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Tony S. v. Saul

United States District Court, N.D. Texas, Dallas Division

July 25, 2019

TONY S., Plaintiff,
v.
ANDREW SAUL, Commissioner of Social Security, Defendant.

          FINDINGS, CONCLUSIONS, AND RECOMMENDATION OF THE UNITED STATES MAGISTRATE JUDGE

          DAVID L. HORAN UNITED STATES MAGISTRATE JUDGE.

         Plaintiff Tony S. seeks judicial review of a final adverse decision of the Commissioner of Social Security pursuant to 42 U.S.C. § 405(g). For the reasons explained below, the decision should be reversed and this case remanded to the Commissioner of Social Security for further proceedings consistent with this opinion.

         Background

         Plaintiff alleges that he is disabled as a result of Osteomyelitis in the right index finger, degenerative joint disease of the right hand, reduced visual acuity, and depression. See Administrative Record [Dkt. No. 13-1] (“Tr.”) at 19, 184-198. Alleging an onset date of September 1, 2014, Plaintiff filed an application for supplemental social security income, which the Commissioner initially denied - and denied again on reconsideration. See Id. at 117, 127. Plaintiff then requested a hearing before an administrative law judge (“ALJ”). See Id. at 130. That hearing was held on March 8, 2017. See Id. at 35. At the time of the hearing, Plaintiff was 54 years old. See Id. He reached the eleventh grade in high school. See Id. at 39. Plaintiff has not engaged in substantial gainful activity since March 27, 2015. See Id. at 17.

         The ALJ found that Plaintiff was not disabled and therefore not entitled to SSI benefits. See Id. 17-28. Although the medical evidence established that Plaintiff suffered from Osteomyelitis in the right index finger, degenerative joint disease of the right hand, reduced visual acuity, and depression, the ALJ concluded that the severity of those impairments did not meet or equal any impairment listed in the social security regulations. See Id. The ALJ further determined that Plaintiff had the residual functional capacity to perform:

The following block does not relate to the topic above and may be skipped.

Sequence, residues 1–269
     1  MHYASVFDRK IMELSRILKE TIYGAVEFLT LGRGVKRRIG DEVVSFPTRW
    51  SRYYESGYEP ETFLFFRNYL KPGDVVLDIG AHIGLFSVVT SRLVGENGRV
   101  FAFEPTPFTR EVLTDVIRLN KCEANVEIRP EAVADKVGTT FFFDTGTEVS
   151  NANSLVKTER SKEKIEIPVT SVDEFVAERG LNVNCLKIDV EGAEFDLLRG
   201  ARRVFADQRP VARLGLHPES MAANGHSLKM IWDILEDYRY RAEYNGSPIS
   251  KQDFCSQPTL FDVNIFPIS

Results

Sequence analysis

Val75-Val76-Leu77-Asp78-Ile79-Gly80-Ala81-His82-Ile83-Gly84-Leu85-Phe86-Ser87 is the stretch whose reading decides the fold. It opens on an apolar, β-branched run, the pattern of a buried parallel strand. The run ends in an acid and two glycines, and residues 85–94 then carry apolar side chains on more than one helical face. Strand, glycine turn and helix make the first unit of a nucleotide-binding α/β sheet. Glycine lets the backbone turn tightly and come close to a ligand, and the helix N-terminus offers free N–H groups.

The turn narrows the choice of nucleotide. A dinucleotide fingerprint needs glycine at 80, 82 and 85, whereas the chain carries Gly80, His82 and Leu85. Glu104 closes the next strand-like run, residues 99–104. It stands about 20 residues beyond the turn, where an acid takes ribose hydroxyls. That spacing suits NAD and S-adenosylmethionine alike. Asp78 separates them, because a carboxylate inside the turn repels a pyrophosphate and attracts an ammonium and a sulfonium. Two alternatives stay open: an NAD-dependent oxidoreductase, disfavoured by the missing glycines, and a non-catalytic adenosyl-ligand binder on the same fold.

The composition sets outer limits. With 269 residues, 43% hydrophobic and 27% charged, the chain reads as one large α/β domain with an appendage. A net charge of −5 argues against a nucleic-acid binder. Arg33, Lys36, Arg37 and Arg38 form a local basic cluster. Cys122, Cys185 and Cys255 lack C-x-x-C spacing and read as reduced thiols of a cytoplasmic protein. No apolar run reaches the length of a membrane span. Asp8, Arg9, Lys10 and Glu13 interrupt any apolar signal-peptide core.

medium work as defined in 20 CFR 416.967(c), such that he could sit 6/8 hours, stand/walk 6/8 hours, lift/carry 50 pounds occasionally and 25 pounds frequently, with the following additional limitations: The claimant could frequently handle and finger with his right, dominant hand. Due to his visual impairment, the claimant could work with large objects, but he should avoid workplace hazards, such as unprotected height or machinery with moving parts. The claimant could perform detailed, but not complex, tasks. He could have frequent contact with supervisors, co-workers, and the public.

See Id. at 22. As such, the ALJ found that the Plaintiff was not disabled because he was capable of performing his past relevant work as a fast-food cook. See Id. at 26. Alternatively, relying on a vocational expert's testimony, the ALJ found that Plaintiff was not disabled under Medical-Vocational Guidelines because given his age, education, and exertional capacity for work, he was capable of working as a linen-room attendant, a dining room attendant, or a furniture cleaner - jobs that exist in significant numbers in the national economy. See Id. at 28.